Golf Random Irritations

sunshine

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IMO - No club winter competition for 7-day members should have any condition that assumes that a player can play Mon-Fri. If players are able to agree for such a day then great - but where , say, three dates must be offered then these dates should always be weekend dates. I can be asked if there are any dates I can play during the week - and if I can then great - but you need to offer me three weekend dates for winter comps.

If this scenario were me - I'd just drop a comp I was already signed up for - prioritise the match. If the other guy feels superior about it - that he's somehow won - then he can preen himself as much as he wants and I wouldn't let it bother me...
Totally agree - the assumption has to be that members are at work Mon-Fri.

A few years ago I would have got wound up like the OP. Now I'd just drop the scramble: it is substituting golf for golf, at the same course on the same day. It's not like the scramble is the club championship. You can always play a social round on Sunday if you want your double fix of weekend golf.
 

sunshine

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I know in past under rules you couldn't play 2 formats at once, but believe rules allow it now, although not recommended? However, he didn't offer those other 2 dates anyway, so seems he is only content to sacrifice scramble
Can you not play scramble in the morning then your match in the afternoon? Or vice versa? Scramble is NQ so I'm guessing you wouldn't get penalised for practising on the course if you played your match first!
 

Swango1980

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Can you not play scramble in the morning then your match in the afternoon? Or vice versa? Scramble is NQ so I'm guessing you wouldn't get penalised for practising on the course if you played your match first!
Scramble starts at 9am. I think it would be tough to get a second round in in daylight, but I'm very positive there is not a cats in hell chance my opponent will agree to playing late on, meaning I do not miss scramble. Mind you, I'm a bit older now, I don't fancy 2 rounds in a day :)

I could drop the scramble. And, if we were both genuinely struggling to find dates before deadline, then I'd happily sacrifice a competition so we could get it played. However, when my opponent says he will not play the last 5 or so weekends before deadline, because the weather might be bad, I'm struggling to have any desire to make any sort of sacrifice myself. Everyone loves a scramble, and the thought of having to drop a scramble to play against this delightful chap is not the most appealing thought.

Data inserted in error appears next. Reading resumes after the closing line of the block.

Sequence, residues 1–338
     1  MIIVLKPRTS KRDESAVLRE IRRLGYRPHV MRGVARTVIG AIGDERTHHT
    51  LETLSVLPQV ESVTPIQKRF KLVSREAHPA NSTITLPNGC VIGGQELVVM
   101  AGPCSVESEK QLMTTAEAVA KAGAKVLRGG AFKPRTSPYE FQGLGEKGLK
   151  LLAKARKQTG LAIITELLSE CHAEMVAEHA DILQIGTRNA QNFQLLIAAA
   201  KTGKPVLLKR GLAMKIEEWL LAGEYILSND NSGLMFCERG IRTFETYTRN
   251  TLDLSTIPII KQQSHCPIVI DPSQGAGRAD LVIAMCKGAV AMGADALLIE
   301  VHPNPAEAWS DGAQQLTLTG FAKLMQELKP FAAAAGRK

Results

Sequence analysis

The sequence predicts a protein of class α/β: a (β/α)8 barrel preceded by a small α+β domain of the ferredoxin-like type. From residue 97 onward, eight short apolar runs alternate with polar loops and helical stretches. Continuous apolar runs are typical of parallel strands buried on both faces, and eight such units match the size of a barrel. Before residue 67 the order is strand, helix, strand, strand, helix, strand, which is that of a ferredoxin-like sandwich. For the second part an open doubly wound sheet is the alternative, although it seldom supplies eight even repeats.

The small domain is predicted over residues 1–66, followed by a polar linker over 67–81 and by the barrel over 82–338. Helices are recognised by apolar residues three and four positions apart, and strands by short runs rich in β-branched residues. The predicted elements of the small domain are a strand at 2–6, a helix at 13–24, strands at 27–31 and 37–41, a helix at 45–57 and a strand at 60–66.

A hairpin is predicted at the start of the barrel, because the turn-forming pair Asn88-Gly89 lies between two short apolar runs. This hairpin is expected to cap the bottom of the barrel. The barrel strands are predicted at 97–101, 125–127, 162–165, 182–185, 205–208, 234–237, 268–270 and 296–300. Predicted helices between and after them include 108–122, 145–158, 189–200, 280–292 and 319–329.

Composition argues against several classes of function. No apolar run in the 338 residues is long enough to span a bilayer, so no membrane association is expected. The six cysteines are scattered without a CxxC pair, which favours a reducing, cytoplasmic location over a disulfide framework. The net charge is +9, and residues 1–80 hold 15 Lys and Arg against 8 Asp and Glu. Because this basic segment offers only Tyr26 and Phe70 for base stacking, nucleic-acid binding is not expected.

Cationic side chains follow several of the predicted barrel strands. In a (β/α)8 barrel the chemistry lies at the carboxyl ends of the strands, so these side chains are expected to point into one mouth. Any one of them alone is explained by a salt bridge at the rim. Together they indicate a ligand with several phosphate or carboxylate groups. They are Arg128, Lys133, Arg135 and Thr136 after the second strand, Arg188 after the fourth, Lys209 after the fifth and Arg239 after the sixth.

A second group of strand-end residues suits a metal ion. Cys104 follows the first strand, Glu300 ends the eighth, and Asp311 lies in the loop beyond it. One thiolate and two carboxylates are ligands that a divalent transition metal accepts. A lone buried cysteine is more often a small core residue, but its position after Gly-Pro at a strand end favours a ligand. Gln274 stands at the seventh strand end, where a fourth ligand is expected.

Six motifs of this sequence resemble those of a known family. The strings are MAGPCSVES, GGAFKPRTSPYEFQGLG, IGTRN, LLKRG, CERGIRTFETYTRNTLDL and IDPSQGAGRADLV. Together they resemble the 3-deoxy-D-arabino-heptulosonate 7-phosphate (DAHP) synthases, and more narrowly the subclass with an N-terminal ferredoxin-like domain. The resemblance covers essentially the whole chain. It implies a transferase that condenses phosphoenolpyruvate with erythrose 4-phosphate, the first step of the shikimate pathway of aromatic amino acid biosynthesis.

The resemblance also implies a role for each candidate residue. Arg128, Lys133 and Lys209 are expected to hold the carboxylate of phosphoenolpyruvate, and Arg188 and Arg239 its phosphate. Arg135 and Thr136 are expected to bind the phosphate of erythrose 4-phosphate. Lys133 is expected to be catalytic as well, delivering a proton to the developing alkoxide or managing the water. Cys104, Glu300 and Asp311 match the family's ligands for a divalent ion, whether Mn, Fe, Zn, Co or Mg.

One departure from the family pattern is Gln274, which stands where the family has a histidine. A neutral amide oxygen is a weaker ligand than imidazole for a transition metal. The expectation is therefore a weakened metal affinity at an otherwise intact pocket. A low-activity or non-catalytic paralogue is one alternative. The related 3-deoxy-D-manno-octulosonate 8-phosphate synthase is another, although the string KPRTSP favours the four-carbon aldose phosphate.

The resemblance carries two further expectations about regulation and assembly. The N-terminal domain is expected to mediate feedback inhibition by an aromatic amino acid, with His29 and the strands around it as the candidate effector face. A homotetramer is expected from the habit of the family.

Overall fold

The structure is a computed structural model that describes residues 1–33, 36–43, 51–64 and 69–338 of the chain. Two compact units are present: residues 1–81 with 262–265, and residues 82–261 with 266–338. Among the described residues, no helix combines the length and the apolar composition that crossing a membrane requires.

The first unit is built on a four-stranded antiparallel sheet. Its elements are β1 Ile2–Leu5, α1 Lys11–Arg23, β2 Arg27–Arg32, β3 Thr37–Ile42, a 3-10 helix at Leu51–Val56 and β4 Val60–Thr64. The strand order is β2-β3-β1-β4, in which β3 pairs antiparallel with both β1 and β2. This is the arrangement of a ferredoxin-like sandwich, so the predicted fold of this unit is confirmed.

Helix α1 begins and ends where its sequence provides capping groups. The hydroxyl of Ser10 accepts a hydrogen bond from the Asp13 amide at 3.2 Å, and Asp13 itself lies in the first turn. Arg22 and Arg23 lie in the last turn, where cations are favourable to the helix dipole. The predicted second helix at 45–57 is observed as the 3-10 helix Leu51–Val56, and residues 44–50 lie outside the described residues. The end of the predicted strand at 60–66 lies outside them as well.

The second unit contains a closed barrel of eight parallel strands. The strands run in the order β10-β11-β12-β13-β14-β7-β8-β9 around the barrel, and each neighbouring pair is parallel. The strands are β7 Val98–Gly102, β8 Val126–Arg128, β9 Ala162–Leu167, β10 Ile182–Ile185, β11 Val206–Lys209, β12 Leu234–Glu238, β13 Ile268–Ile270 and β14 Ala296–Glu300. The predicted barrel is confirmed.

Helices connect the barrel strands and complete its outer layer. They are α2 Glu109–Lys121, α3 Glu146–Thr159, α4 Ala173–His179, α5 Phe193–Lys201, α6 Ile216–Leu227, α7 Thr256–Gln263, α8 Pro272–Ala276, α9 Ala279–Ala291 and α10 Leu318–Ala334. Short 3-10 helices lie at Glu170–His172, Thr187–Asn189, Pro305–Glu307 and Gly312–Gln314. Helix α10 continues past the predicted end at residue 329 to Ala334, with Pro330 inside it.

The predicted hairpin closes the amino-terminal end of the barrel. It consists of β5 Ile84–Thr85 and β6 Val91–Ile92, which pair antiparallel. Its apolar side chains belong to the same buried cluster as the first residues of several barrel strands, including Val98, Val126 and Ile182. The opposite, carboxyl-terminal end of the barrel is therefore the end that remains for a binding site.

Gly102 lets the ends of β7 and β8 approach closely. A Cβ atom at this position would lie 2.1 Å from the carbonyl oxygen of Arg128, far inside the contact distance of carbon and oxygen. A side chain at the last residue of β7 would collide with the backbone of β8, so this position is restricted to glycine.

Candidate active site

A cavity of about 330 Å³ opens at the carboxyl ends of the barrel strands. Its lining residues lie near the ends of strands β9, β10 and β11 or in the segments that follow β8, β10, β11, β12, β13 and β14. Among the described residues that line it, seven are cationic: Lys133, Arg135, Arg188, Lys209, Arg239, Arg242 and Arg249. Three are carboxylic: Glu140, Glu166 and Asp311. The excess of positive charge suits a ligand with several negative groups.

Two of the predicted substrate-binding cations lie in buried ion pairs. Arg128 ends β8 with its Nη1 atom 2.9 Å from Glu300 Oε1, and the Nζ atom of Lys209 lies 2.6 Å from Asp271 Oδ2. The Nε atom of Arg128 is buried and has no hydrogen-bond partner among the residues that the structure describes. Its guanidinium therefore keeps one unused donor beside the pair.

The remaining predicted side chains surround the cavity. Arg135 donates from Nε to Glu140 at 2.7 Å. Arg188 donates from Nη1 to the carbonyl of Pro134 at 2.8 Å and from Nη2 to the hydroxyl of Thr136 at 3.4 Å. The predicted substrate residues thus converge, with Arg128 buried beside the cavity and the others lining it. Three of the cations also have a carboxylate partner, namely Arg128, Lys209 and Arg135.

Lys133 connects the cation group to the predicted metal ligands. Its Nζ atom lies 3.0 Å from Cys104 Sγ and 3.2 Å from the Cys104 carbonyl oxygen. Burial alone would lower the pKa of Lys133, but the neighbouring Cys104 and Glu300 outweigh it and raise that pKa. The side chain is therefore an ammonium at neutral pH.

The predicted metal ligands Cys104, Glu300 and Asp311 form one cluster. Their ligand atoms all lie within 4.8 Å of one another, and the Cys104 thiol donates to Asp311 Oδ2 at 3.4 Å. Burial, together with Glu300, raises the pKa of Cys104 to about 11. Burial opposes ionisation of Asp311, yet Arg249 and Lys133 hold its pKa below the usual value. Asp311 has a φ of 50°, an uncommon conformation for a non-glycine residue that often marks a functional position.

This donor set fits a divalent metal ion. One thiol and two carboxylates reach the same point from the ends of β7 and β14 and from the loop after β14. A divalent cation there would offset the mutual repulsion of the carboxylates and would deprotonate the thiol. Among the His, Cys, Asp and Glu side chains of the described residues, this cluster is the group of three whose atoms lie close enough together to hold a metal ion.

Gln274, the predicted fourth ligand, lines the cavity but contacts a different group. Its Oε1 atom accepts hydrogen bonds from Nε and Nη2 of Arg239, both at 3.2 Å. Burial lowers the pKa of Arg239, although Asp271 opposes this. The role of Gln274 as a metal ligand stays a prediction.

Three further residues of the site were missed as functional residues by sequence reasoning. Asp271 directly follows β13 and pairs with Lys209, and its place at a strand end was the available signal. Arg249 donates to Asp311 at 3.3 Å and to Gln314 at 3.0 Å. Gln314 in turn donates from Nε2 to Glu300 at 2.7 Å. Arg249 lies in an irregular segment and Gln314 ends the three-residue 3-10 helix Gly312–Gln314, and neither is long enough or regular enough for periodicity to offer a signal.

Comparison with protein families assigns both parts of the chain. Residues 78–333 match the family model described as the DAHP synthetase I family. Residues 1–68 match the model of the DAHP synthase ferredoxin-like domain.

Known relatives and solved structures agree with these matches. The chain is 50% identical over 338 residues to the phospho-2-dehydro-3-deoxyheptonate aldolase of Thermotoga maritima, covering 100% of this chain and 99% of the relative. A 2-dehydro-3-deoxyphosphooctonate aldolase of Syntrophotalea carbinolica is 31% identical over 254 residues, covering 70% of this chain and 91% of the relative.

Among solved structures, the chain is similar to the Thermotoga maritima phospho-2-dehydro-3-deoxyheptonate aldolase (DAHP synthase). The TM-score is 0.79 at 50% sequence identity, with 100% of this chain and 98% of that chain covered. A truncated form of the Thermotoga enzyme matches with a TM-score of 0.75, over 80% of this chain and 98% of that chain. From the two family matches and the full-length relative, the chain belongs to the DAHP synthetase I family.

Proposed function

It is also not appealing to just give up, and offer him the match. And I suppose the question is, why should I? The guidelines don't make any mention that a player will be DQ'ed if they can't play the 3 dates on offer. Otherwise, a crafty player, ideally right at the top of the draw, could simply find out when his opponents go on holiday, or what their shift patterns are, and then offer 3 dates they know they cannot do.

In my 15 years at the golf club, there is not one member now (except for this guy), or one member in the past, that I would ever consider having this problem with. Everybody always makes some sort of reasonable effort to play a game. Yes, occasionally someone might end up being on holiday for a long time, or get an injury, and things can get a bit iffy. But, even when that happens, both players have always made an honest attempt to try and make the deadline. I have never ever heard of anyone at my club, or any other, who has refused to play the last 5 or 6 weeks before a deadline in a winter knockout because the weather might be bad (our course rarely ever closes anyway, it takes heavy snowfall or vast amounts of rain to shut it down)
 
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Scramble starts at 9am. I think it would be tough to get a second round in in daylight, but I'm very positive there is not a cats in hell chance my opponent will agree to playing late on, meaning I do not miss scramble. Mind you, I'm a bit older now, I don't fancy 2 rounds in a day :)

I could drop the scramble. And, if we were both genuinely struggling to find dates before deadline, then I'd happily sacrifice a competition so we could get it played. However, when my opponent says he will not play the last 5 or so weekends before deadline, because the weather might be bad, I'm struggling to have any desire to make any sort of sacrifice myself. Everyone loves a scramble, and the thought of having to drop a scramble to play against this delightful chap is not the most appealing thought.